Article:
The cyber-security minister, Clare O’Neil, has warned of a new world “under relentless cyber-attack” as Australia’s security agencies scramble to stop the latest ransomware attack.
Private health insurer Medibank has entered a trading halt after telling customers it had received messages from a group claiming to have accessed the data of its customers in a cyber-attack.
In a statement to the Australian stock exchange on Wednesday, the company said it had received messages from a group that wished to negotiate regarding the alleged removal of customer data.
“I apologise and understand this latest distressing update will concern our customers,” Medibank’s chief executive David Koczkar said.
“We have always said that we will prioritise responding to this matter as transparently as possible.
“Our team has been working around the clock since we first discovered the unusual activity on our systems, and we will not stop doing that now.”
Speaking to ABC radio on Thursday morning, O’Neil said she could not go into detail given a potential crime was unfolding, but said the Australian federal police had launched an investigation and Medibank was working with the Australian Signals Directorate intelligence agency.
O’Neil said cyber-attacks would only increase and organisations that held Australian’s data needed to get better at protecting it.
“This is the new world that we live in,” she said.
“We are going to be under relentless cyber-attack, essentially from here on in. And what it means is that we need to do a lot better as a country to make sure that we are doing everything we can within organisations to protect customer data, and also for citizens to be doing everything that they can.”
O’Neil also flagged new laws in the cybersecurity space.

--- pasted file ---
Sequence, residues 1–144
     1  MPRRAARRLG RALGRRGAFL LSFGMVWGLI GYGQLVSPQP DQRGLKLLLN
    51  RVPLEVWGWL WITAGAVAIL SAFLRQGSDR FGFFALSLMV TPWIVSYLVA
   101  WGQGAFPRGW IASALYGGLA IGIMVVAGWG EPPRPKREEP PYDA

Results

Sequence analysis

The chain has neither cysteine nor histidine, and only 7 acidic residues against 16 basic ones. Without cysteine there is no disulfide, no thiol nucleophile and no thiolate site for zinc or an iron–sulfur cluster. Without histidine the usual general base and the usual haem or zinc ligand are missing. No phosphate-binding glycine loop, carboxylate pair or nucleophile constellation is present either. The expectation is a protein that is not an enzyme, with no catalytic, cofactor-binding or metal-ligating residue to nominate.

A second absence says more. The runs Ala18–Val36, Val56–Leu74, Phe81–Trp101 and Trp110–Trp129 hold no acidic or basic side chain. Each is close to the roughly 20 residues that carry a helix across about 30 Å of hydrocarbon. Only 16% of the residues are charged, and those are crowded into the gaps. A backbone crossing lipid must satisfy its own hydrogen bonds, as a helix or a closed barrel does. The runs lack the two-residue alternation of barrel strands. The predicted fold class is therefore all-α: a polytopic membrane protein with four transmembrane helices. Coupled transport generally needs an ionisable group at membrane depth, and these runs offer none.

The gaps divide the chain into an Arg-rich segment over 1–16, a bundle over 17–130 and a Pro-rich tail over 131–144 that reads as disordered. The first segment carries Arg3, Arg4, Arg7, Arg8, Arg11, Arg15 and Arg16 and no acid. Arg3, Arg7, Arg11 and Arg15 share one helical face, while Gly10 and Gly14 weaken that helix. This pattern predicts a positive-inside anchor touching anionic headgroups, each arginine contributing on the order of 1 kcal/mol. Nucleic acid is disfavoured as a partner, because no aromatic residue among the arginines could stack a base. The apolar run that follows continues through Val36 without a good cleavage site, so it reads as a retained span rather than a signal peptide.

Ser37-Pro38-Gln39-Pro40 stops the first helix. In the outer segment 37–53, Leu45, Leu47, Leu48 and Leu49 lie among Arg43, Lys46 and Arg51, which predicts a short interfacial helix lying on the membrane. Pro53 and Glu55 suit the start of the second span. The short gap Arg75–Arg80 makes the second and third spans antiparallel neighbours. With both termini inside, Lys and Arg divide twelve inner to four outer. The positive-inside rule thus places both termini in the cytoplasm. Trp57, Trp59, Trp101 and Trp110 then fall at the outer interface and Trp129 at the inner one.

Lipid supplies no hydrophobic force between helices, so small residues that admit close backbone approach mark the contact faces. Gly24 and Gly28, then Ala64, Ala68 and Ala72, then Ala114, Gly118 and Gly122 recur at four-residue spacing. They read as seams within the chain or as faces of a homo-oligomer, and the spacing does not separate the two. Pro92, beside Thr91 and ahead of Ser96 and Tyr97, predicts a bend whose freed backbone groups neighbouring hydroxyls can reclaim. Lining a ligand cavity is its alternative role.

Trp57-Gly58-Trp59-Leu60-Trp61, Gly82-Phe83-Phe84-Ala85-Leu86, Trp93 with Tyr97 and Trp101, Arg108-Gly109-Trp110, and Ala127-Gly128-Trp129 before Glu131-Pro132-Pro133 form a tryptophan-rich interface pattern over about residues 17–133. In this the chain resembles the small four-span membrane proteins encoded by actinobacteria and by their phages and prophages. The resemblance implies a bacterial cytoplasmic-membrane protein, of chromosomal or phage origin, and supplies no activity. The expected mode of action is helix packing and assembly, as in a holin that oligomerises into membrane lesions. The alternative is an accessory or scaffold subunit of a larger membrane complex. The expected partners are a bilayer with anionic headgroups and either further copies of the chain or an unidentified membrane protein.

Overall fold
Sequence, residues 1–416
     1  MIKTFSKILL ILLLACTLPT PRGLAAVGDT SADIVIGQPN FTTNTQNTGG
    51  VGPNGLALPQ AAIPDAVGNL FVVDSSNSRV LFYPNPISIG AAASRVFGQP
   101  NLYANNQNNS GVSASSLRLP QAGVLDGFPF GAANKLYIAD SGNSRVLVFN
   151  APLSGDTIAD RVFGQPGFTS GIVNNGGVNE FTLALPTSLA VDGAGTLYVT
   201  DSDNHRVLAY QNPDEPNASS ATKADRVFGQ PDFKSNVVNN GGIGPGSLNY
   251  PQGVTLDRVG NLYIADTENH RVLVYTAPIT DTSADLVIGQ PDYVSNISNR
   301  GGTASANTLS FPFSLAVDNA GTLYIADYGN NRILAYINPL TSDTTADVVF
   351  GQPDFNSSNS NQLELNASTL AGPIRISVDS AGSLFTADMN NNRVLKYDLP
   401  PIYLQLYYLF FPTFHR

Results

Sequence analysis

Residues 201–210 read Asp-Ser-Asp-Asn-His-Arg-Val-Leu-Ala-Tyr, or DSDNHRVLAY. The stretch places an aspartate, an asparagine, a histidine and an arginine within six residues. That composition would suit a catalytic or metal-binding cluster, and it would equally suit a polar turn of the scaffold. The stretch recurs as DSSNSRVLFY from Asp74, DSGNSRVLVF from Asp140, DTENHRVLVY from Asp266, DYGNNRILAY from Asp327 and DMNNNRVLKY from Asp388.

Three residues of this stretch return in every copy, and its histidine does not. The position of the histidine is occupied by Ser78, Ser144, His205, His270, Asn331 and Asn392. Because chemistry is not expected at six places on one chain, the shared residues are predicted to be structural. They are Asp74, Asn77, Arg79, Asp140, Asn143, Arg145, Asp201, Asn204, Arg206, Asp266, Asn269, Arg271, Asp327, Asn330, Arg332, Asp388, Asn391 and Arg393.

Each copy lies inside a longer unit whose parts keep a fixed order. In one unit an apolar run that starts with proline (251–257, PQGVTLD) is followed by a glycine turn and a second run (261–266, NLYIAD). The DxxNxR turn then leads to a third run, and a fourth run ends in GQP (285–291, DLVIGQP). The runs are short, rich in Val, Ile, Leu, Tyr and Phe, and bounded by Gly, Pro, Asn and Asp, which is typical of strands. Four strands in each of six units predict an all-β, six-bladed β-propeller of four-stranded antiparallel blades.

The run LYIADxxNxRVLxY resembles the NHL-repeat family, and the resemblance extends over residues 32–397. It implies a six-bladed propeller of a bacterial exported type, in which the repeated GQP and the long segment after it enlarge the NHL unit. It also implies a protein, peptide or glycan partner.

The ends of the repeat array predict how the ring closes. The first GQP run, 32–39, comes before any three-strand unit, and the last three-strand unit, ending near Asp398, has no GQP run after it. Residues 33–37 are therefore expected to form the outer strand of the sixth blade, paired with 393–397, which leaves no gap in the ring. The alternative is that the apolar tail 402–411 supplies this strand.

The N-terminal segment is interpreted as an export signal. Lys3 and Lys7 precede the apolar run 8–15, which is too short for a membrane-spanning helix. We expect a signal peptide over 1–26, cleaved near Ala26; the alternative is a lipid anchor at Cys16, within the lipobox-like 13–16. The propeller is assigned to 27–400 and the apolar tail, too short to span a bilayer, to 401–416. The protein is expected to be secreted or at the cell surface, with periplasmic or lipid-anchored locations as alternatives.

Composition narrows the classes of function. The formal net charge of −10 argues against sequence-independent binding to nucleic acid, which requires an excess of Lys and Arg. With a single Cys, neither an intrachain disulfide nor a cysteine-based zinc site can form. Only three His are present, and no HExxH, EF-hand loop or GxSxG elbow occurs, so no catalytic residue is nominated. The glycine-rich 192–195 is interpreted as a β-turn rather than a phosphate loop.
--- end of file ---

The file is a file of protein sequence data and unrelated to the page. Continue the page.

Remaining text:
“Combined with Optus, this is a huge wake-up call for the country. And certainly gives the government a really clear mandate to do some things that frankly, probably should have been done five years ago, but I think are still very crucially important.”
The Nine newspapers reported that it had seen messages from the hacking group, which claimed it had stolen 200 gigabytes of sensitive information from Medibank, and had threatened to contact its 1,000 “most prominent customers” using their own personal information as a “warning shot”.
Medibank said it was working urgently to establish if the group’s claim that it had accessed customer information was true.
The company said that based on its “ongoing forensic investigation we are treating the matter seriously at this time”.
It is unclear what personal information may have been compromised, but Medibank said that it held a range of “necessary” customer information.
The insurer confirmed its systems had not been encrypted by ransomware.
The company has entered a trading halt until at least Friday.
It is the latest in a series of recent cyber-attacks targeting Australian consumers, including on Optus, the wine retailer VinoMofo, and MyDeal, an online shopping site owned by Woolworths.
The Optus hack in late September exposed the details of about 10 million people, and is considered on of the largest in Australian history.
The other attacks also remain under investigation.